The Do Or Die Of Food And Wine Pairing

Learn How To Pair Food And Wine

Learn how to pair food and wine!Sounds scary, doesn’t it? It should. Pairing food and wine is one of the most difficult things to do in life. Get it wrong and your whole evening will be ruined. You will lose your self-respect, your dignity, your friends, your family will stop calling, random dogs will bite you and pee on your leg, all will be lost and you will most certainly die alone.

Pairing food and wine sounds complex and may seem a daunting task for a beginner learning about wine, but it isn’t. And I’m going to show you just how easy it is. The only tools you need are your senses: smell, taste and touch.

The key to pairing food and wine is simple: eat what you like and drink what tastes good to you.

If you asked a hundred people to describe the perfect pizza, you would get a hundred different answers. Is there any right answer? No, it’s all in what you like. Yet while there is no right or wrong wine to go with whatever dish, there is a better wine.

Let’s debunk some basic food and wine pairing myths.

“Your dish and your wine should be the same color.”

Huh? First of all, I’ve never eaten anything the color of deep purple, or piss yellow. And I’ve certainly not had a wine the color of asparagus. Throw that statement right out the window with a little word I like to use called defenestrate. What it really means to say is you should match white wine with fish and red with beef. BUT that again is an invalid statement. Yes you can pair those combinations, but take Pinot Noir and Tuna for instance: red wine, fish. Both complement each other. Or Chardonnay and Veal: white wine, beef. Another fine combination.

“You should match food and wine to their respective countries.”

Hmm. Maybe. But not necessary. Both may have developed together over the centuries in their respective regions, but today with all the mega millions of wine out there, it’s more about complementing fruit character with a dish and pairing it with the right winemaking style than with country origin. Look at Thai food and Riesling: a perfect combo.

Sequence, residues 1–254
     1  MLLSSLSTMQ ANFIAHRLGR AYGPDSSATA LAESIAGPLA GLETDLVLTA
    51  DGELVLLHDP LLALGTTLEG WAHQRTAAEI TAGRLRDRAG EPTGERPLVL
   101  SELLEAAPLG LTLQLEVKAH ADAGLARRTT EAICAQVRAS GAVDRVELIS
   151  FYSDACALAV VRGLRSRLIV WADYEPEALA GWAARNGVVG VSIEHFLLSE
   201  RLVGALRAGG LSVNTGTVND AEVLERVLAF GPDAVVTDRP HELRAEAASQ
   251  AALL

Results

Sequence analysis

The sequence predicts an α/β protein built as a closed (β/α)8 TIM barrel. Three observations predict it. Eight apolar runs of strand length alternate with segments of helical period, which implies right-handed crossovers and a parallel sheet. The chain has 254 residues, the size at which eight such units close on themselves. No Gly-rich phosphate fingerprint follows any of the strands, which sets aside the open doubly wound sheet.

“You just can’t pair asparagus with wine.”

Now I’ve made several jokes about off odors in wine and asparagus in the past, but it’s not impossible to pair asparagus with wine. It’s all in the preparation. Asparagus with melted Parmigiano-Reggiano (Parmesan) as a side dish with a filet Mignon would complement a full-bodied Merlot. The same goes with ingredients like vinegar, spinach, artichokes, etc., or anything astringent that is typically characterized as a bad pairing with wine; it’s all in the preparation.

One thing you should do to improve your food and wine pairing skill is to match the weight of the wine to the weight of the food. You don’t want one to overpower the other. What you’re looking for is a fine balance between the two. Below is a simple table of food and wine arranged from lightest to heaviest.

Food Wine
Salad Sparkling wine
Starches (potatoes, rice) Rosé
Fish Pinot Grigio
Poultry Chardonnay
Pork Pinot Noir
Beef Merlot
Cabernet Sauvignon

This table is just a guideline; like I’ve said, foods can be paired with any wine with the right preparation. For example, adding a creamy dressing to a salad increases the weight of the food as opposed to adding a vinaigrette. Likewise with wine, residual sugar added to a Rosé as with White Zinfandel can increase the weight of the wine. Barrel fermentation and sur lies aging (wine aged on the lees or wine aged on the yeast residue during fermentation) will add weight to a white wine as the intensity of fruit, barrel aging and prolonged skin contact will add weight to red wine.

Once you balance the weights of your food and wine you can play around with the flavors and textures of each to come up with some complementing or contrasting styles. The key is to look beyond the main ingredient and find the main flavor. Garlic is a flavor that dominates any meal it is added to, so you would look for a wine that complements or contrasts garlic first then pair to the main ingredient second, like chicken with roasted garlic or roast beef with garlic. Two different meals, one main flavor, decisive secondary flavors. Garlic is alkaline, so something contrasting to that would be an acidic wine like Pinot Grigio with the Chicken dish or Sangiovese with the roast beef and garlic.

As I said before, though, there are no hard and fast rules to pairing food and wine; for the most part it’s all in your personal preference. But there are ways to improve your pairings so that they are well rounded instead of having the same old boring wine meal after meal.

Take a look at the following link for some basic food and wine pairing guidelines to help you learn how to pair food and wine better.

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